Why journalists don’t return your emails

Why journalists don’t return your emails

Editor's Note: Last week, Julia Sahin wrote a post here on the Muck Rack blog titled "Eight Things I Wish Journalists Knew About PR." The post garnered a lot of attention, including nearly 200 shares on social media, an active conversation in the comments and responses from journalists all over the world. We reached out to Andy Paras, Social Media Editor for Post and Courier, to see if he'd like to share his opinion. His response to Sahin's post is below.

Recently PR consultant Julia Sahin wrote a column about things she wished journalists knew about her job, such as she doesn’t like it when we don’t return her emails and she doesn’t know how to find us. This is my response:

If you’re a PR professional waiting on me to return your unsolicited email you’re probably going to be waiting a while.

It’s nothing personal–and that’s the problem. Most of the time I’m one of many journalists on your list of CCs and BCCs so I know you’re really not writing to me as much as dangling a baited hook. Over the course of the day there are so many hooks.

I pride myself on responding to readers and members of the community, but if you’re just repeatedly emailing me–even directly–to ask me to use your client as a source for stories we’re not writing, that’s not a “symbiotic relationship.” That’s spam. And honestly, I’m afraid that if I do respond you’ll just put me on more lists to receive more emails.

So where can you find me? I’m on social media: Twitter, Facebook, Google+. I’m there right now developing sources and story ideas. Are you there? Shouldn’t you be? I’ll likely respond to you there because I know you’re talking directly to me (no auto DMS!) and you’re putting forth some effort. That’s why social media has evolved into my preferred form of communication while email–and trying to keep my inbox from overflowing–has become the time-suck.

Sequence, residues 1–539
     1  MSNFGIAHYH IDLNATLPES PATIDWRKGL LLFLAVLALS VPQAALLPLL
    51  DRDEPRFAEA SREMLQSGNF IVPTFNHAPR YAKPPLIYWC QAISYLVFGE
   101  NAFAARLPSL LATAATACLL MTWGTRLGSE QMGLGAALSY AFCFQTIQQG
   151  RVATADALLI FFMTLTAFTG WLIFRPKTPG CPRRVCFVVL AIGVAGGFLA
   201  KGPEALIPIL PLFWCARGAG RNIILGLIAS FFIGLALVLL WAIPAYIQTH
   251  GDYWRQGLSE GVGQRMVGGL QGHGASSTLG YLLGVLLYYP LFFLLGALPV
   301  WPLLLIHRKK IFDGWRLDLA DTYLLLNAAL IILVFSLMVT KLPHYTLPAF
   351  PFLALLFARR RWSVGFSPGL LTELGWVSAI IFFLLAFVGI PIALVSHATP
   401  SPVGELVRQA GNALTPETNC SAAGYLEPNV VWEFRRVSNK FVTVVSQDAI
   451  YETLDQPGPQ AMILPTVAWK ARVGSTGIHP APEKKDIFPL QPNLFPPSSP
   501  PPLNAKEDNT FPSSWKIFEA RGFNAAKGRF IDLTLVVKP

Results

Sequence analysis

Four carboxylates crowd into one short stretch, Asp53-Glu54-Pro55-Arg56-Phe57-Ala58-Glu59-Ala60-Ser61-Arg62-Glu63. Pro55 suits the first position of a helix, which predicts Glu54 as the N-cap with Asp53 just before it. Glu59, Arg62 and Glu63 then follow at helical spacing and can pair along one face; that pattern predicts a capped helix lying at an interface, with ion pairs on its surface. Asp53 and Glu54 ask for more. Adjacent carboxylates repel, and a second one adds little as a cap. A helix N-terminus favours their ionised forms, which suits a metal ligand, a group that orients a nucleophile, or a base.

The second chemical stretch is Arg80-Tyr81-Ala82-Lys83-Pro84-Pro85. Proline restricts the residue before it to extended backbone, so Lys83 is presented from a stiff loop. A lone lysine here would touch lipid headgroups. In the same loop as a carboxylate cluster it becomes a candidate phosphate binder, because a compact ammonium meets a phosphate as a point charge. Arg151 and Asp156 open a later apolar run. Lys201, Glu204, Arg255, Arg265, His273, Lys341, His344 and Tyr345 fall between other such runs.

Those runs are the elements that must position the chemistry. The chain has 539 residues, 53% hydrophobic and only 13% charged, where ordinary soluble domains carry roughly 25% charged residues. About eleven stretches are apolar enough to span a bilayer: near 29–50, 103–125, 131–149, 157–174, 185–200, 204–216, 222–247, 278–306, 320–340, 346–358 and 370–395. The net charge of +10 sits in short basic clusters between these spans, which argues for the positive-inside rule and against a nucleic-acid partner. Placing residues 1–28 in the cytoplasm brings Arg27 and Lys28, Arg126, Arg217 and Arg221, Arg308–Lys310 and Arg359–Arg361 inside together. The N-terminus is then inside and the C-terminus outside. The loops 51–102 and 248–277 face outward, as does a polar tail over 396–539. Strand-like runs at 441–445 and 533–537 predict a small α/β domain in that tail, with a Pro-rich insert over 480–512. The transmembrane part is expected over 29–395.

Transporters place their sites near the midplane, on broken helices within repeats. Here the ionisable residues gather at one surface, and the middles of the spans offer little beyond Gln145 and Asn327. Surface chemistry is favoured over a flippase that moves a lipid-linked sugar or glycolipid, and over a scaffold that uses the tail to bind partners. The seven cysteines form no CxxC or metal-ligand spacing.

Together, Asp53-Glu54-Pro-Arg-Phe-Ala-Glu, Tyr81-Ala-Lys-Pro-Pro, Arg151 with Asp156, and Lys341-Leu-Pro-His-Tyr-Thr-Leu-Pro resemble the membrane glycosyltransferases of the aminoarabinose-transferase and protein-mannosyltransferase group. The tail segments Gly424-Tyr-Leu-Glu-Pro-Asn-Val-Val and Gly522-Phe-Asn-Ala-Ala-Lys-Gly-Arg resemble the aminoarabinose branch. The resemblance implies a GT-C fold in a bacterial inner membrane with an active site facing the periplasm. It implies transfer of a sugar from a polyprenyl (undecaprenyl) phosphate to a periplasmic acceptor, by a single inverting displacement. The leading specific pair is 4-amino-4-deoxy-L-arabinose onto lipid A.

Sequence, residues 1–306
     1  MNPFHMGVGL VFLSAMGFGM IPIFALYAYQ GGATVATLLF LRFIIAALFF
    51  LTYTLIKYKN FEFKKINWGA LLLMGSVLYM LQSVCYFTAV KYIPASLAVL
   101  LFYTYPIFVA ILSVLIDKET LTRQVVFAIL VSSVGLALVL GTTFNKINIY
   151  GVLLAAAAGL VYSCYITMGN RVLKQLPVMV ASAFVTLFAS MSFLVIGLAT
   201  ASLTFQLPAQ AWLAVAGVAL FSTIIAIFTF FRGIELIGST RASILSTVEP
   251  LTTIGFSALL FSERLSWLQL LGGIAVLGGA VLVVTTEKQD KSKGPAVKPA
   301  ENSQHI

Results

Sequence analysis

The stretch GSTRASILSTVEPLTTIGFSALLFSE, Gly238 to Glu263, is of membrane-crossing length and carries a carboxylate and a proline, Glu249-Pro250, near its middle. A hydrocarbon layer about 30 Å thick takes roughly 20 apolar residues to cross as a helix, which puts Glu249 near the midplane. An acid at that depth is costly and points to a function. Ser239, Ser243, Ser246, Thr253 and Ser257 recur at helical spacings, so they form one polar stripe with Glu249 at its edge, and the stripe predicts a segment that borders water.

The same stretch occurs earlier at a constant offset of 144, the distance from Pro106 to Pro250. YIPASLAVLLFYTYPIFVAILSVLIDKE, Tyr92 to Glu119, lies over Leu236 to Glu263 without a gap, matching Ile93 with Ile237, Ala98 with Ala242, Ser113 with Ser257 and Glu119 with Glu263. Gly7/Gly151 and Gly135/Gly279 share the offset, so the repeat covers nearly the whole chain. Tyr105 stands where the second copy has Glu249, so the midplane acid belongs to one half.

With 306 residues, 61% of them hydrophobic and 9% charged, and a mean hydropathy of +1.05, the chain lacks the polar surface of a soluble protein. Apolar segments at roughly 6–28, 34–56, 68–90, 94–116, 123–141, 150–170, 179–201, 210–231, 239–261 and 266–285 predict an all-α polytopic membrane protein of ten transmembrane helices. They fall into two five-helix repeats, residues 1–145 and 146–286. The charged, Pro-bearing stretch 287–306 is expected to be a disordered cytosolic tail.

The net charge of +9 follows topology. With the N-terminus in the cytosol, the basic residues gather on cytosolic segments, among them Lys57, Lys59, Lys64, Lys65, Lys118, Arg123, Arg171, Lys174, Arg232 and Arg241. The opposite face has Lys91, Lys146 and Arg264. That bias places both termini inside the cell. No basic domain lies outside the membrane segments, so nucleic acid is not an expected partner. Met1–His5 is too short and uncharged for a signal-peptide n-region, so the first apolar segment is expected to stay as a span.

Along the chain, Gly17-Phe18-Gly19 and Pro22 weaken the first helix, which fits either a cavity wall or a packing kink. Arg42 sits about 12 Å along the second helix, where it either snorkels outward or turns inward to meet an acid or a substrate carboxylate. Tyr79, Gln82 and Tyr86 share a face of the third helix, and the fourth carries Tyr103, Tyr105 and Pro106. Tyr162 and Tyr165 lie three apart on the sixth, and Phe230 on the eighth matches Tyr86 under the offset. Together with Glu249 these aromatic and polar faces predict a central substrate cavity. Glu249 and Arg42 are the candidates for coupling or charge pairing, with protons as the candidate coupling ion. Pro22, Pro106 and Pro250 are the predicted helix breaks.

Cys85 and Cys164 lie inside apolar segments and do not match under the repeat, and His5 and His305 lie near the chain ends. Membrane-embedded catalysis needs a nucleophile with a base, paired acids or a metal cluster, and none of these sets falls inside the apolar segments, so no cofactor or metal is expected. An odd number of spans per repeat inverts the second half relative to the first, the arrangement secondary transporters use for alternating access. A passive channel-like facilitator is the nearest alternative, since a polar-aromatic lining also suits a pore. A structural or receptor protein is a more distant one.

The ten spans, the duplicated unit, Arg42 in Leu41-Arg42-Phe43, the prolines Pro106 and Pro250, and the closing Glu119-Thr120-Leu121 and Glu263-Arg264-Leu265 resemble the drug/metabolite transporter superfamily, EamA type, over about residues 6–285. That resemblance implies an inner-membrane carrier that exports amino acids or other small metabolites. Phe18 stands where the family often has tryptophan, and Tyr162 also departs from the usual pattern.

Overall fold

Time is at a premium these days. Many journalists would love to be drinking a craft beer during happy hour but they’re probably still sitting at their desks. Most journalists have multiple beats and they’re turning in multiple stories about multiple subjects. In most cases the problem isn’t finding a story it’s finding people to talk about the stories they’re juggling. So unless you have a source who can discuss the story we’re working on now it’s not very relevant to us.

You want to develop a pitch we’ll like? Follow a bunch of reporters on Twitter who are in your area or write about your field (we’re really not that hard to find) and pay attention to what they’re writing about. Everything is so fast now that many reporters are writing their stories 140 characters at a time. We’re crowd-sourcing, looking for information. Do you have a client who knows about this stuff? Let us know. We’ll help you out when we can.

We don’t dislike you. Some of our best friends–and former colleagues–are in PR. We know your job comes with its own set of challenges and deadlines and we really do appreciate it when you make our job easier because it’s definitely better than trying to go around you.

Personally, I’ve come to know and like many PR pros I’ve met on social media. They get it. They’re the ones who know it’s not about the hard sell but about building relationships.

Do that and maybe then we’ll go have that beer.

Journalists: weigh in! Do you agree with Andy? What are some other reasons you don't respond to emails from PR pros?

Andy Paras is the Social Media Editor at Post and Courier. He was voted "Best Local Twitter" by the people of Charleston, South Carolina for three years and running. 

Photo: Delete button via Shutterstock

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